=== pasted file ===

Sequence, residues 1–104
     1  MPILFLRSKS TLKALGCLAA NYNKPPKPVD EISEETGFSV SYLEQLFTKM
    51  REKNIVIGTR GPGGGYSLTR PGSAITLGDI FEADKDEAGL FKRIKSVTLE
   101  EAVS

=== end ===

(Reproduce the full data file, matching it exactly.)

Sequence, residues 1–104
     1  MPILFLRSKS TLKALGCLAA NYNKPPKPVD EISEETGFSV SYLEQLFTKM
    51  REKNIVIGTR GPGGGYSLTR PGSAITLGDI FEADKDEAGL FKRIKSVTLE
   101  EAVS